As the summer is winding down, and cool evenings and mornings are becoming more and more common, I find myself being drawn outside more and more.  It feels so important to be connected to the soil, the plants, the air, the water, and the beings who inhabit such places when all of these come together.  The nature deities if you will.  I don’t know if I can say that to all you people out there, or if it will just sound weird.  The truth is though, you can feel the power of nature, of what it evokes, when everything is in harmony.  I think I’ll say I’m striving for harmony, for a kind of balance in my life, in which every aspect of my being is heard, nourished and replenished.  I hope I can give that to my children.  I hope I can help to create that in the world.

The Great Stupa of Dharmakaya

Standard

stupa

The Great Stupa of Dharmakaya at the Shambhala Mountain Center in Red Feather Lakes, Colorado.  Me and the children spent a day and a night up in the mountains at this special place.  From the pamphlet:  It is said that anyone who approaches a stupa with a pure heart and the intention to benefit others will receive its blessings.

sidearea

bronzealtar

bridge

And then, we drove home.  On our way back to Boulder, I read this bumper sticker:  What would you attempt to do if you knew you could not fail?

We walked around the neighborhood and though I worried I would somehow lose that special feeling, that feeling of going within, of being in a place where everyone was practicing being aware and present, I found myself still enchanted.  This is what we saw as we made our way back home after a long walk.

home

I’m so happy to be back in Colorado, to be home.  My teacher says, home is where your heart is, so really anywhere is home.  For me, I find my heart near to bursting here.  The smell of the mountains and the desert like vegetation, the piercing sun, the cool mountain air, bunnies, marmots, horses, and the energy of nature, it’s purity.  I want to swallow it into my lungs and keep breathing its deep, fullness.  The light, this wonderful light.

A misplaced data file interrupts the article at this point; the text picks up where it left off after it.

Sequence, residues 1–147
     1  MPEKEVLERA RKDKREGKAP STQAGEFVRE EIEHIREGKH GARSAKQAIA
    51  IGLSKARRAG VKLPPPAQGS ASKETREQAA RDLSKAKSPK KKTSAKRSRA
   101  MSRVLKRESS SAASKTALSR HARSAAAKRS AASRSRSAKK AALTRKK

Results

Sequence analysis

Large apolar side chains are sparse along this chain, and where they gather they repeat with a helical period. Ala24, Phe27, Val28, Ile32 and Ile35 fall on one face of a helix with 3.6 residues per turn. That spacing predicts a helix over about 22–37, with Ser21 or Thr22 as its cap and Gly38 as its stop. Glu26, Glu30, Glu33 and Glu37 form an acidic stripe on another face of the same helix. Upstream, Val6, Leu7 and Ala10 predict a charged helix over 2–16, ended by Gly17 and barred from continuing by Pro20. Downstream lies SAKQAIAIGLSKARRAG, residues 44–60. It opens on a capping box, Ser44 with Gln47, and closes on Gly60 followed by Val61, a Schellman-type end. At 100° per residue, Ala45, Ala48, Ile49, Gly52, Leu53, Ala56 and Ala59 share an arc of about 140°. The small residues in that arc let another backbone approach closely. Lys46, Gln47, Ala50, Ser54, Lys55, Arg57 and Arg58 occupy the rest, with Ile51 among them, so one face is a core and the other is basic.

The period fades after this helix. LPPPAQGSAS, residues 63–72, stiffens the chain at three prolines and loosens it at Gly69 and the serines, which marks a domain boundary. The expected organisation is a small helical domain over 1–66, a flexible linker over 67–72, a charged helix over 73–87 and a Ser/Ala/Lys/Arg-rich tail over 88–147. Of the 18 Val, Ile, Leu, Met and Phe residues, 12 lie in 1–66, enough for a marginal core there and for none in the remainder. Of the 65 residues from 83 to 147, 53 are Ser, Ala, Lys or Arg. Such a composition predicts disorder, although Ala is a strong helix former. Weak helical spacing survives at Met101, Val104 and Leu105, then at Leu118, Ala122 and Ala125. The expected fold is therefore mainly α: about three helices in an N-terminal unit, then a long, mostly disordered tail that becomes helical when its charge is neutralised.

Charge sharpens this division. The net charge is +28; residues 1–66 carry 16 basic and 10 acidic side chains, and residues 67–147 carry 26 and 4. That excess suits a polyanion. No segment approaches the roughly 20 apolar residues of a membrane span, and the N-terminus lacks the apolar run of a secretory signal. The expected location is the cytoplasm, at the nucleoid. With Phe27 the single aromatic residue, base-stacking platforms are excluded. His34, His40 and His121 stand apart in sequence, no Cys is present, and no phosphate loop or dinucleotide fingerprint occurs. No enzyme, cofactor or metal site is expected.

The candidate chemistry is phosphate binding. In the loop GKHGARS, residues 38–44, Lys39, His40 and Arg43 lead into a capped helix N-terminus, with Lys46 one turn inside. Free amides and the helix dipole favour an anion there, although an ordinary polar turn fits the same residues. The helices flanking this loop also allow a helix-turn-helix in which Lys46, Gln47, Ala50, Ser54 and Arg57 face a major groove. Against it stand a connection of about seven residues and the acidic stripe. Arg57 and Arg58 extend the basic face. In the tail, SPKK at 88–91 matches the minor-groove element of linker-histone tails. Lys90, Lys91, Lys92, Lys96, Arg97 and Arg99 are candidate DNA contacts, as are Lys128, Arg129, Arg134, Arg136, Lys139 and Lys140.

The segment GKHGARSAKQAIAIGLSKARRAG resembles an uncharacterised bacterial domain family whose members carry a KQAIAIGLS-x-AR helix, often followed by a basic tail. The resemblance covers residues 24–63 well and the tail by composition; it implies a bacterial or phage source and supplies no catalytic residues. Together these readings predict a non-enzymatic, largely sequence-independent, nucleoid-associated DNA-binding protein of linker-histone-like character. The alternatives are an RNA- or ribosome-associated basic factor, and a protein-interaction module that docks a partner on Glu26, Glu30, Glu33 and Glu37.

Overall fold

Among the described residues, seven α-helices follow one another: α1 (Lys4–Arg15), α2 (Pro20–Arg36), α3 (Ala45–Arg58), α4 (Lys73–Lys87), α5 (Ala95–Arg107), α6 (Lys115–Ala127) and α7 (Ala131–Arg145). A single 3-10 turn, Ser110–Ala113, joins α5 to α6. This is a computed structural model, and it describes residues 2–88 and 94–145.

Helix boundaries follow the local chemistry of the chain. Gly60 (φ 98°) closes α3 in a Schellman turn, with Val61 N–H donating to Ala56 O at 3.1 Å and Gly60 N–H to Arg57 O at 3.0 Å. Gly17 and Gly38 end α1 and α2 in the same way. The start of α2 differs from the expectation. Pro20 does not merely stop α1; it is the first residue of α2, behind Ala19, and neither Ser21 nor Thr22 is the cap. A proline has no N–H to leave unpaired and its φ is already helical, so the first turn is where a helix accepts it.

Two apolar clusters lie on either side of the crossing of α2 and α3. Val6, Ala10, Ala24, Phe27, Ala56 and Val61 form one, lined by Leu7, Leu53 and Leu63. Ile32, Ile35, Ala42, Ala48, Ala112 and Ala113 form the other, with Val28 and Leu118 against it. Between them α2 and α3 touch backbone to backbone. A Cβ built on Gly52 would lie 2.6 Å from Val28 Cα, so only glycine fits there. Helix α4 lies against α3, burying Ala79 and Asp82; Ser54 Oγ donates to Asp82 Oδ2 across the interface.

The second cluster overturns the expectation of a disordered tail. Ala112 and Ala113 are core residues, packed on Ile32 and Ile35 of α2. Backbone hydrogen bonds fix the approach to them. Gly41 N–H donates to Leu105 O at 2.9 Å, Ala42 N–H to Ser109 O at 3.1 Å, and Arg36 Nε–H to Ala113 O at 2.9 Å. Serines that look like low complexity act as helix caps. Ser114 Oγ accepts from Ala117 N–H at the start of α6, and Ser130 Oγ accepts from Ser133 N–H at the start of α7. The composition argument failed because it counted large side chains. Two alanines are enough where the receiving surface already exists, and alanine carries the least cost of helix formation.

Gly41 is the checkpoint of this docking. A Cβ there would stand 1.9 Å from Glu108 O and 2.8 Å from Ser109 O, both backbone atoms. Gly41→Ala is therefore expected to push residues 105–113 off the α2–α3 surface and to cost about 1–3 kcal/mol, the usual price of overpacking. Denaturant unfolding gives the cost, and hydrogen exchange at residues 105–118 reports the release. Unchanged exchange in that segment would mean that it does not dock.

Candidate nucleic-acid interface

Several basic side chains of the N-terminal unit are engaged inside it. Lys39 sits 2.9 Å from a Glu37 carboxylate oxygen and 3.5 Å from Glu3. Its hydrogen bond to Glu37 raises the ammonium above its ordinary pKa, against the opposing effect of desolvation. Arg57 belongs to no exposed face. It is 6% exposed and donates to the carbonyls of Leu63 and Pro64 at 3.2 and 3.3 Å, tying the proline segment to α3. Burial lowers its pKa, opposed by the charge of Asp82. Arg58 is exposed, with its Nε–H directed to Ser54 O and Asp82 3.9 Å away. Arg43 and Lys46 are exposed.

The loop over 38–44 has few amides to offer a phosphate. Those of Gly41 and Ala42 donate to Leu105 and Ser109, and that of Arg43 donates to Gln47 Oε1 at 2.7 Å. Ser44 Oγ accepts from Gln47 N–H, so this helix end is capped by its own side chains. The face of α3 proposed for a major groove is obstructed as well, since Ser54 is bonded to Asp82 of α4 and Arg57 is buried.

Keep Calm and Carry On

Standard

 

 

KCACOPoster.gif

photo from Barter Books website

So, I’m sure I’m just way behind the times and you’ve all heard about the story behind this poster.  At least you’ve seen this or forms of this poster all around if you shop or go on line much.  It speaks to my last couple years that I’m only now coming to this, years of moving a few times, having a baby, setting up homes, and very little sleep and very little time doing anything involving media.

In the search of items to populate our home…that sounds so funny, but in a sense true.  Actually, we’ve needed real things like furniture, beds, kitchen items, all because we’ve decided to move differently than most I guess.  Instead of hiring movers to just pack it all up, and lacking the time to do that ourselves (since moving from one state to another when they’re as far apart as Illinois to Colorado is extremely time consuming and financially draining), we decided to sell most things from the old house and mostly just start fresh in our new digs.  Now this sounds pretty great on paper, or in our way, over the phone, or maybe it doesn’t sound that great to any of you.  It sounded doable to us a month or so back as we tried to figure it all out and make this move work. And it is working out, just slowly, and not as easily as I’d hope, since taking two children to stores gets pretty tedious and challenging at times.